As an example, consider music in the church.  It has consistently been the case throughout church history that church music was required (by the church) to be different from the world's music.  But, nowadays, perhaps for the first time in history (?), church music has been relativized, and, in popular contexts including worship, is made to be as much like the world's music as possible.  In the past, the distinction in culture between the church and the world never inhibited gospel testimony, and there is no reason it should inhibit gospel testimony today.  So what is the fundamental reason for convergence of worldly and "Christian" music style?  Is it an attempt to attract the world?  Well, it never was the case that people were attracted to the church, in truth, because it was like the world.  Just the opposite.  Is it because the "modern" worship tradition rejects or rebels against the Christian past -- if it knows about it?  Probably.  And it certainly isn't the case that the "modern" worship tradition has a depth of art that comports with the depth that is our inheritance in the church tradition.  So what is going on here?

These cautions and questions can be raised about many other factors in our lives besides music:

1)  All things not being done with a view to eternal fellowship with God.
2)  Non-Christian addictions and time-wasting on entertainments, clothing fashions, sports and adult toys dispensed by the world.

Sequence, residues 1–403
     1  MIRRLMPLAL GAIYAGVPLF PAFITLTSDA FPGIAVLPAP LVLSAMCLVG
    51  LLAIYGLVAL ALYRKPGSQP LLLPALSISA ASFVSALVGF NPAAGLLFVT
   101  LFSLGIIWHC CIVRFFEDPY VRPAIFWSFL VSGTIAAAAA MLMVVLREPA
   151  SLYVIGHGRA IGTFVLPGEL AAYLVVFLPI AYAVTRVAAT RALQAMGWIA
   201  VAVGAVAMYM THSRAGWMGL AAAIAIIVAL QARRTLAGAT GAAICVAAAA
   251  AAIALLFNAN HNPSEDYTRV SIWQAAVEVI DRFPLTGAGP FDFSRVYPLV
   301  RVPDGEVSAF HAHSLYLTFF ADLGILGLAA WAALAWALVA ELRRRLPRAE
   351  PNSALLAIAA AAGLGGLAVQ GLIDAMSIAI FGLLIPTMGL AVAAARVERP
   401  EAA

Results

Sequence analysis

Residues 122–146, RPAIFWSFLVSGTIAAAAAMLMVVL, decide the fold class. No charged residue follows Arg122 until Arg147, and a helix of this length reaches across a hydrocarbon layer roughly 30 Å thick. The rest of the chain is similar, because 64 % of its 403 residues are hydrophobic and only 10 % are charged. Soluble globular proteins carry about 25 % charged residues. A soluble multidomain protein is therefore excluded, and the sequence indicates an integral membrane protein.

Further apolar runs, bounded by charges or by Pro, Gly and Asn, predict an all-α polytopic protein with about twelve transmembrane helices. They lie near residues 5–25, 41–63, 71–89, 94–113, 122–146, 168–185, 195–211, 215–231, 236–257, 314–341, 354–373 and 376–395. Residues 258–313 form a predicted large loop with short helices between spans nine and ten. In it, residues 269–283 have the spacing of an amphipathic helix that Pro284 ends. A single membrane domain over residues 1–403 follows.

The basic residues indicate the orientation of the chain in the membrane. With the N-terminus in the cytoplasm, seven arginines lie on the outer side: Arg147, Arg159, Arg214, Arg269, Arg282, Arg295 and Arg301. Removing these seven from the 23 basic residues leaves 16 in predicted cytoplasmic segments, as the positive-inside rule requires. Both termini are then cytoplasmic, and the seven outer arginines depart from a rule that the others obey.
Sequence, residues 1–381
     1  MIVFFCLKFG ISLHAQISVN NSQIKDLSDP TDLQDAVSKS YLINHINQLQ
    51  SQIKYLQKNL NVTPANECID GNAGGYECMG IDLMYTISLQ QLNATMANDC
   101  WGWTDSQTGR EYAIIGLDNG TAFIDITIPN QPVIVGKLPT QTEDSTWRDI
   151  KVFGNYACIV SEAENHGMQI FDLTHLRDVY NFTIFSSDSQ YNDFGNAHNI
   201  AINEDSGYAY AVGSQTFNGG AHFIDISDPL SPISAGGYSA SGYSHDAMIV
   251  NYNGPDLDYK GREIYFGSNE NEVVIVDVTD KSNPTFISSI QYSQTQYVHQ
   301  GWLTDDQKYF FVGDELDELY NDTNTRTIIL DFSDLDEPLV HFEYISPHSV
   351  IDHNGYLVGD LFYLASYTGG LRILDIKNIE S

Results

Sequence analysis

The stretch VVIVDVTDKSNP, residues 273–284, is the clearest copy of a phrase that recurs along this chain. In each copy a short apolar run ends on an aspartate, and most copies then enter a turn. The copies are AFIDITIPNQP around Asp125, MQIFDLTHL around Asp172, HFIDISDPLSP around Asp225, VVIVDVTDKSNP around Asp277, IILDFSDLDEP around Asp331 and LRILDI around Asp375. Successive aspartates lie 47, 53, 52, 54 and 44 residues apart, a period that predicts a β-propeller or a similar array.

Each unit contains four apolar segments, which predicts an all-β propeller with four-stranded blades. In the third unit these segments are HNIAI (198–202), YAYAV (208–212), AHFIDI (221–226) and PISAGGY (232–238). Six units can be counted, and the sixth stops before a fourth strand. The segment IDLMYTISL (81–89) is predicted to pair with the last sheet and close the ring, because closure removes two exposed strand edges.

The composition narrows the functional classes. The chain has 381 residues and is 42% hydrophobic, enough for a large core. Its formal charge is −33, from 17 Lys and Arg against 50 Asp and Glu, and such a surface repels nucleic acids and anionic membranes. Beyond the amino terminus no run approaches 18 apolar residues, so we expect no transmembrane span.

3)  Worldly emphasis on competition, money and security, and status.
4)  Primary emphasis on work instead of family life and church life.
5)  Institutional relationships (colleague-ship), rather than personal relationships (friendship).
6)  The lack of emphasis on motherhood and fatherhood.
7)  False notions of education.
8)  The home as motel, amid a ceaseless round of activities outside it.
9)  Unquiet and non-contemplative lives.
10) Living for short term pleasures.
11) Addiction to visual and aural media instead of reading the best stuff.
12) Constant communication, rather than peace.

This isn't just a bunch of "legalism."  It's about a life in Christ, lived in the midst of (and visible to) the world.  This life in Spirit and in Truth, and our love for one another, is what attracts people out of the world to Christ.

They're not attracted by what's not different and better.

Thursday, February 3, 2011

Glory and Anti-Glory

We think too much in worldly terms concerning glory -- and other things, too.

1)  Paul is clear in 1 Cor 1 that it is God's intention to shame the worldly powers in all their greatness by means of those who are weak and shameful in the eyes of the world.  The world has one idea of what power and glory are, and the church has another, opposite idea.  From our standpoint, the world's power and glory are vain, but our power is glorious, because we know and are empowered in all our weakness by God the Lord.  The world, on the other hand, is empowered in all its strength by that fallen angel doomed to the Lake of Fire.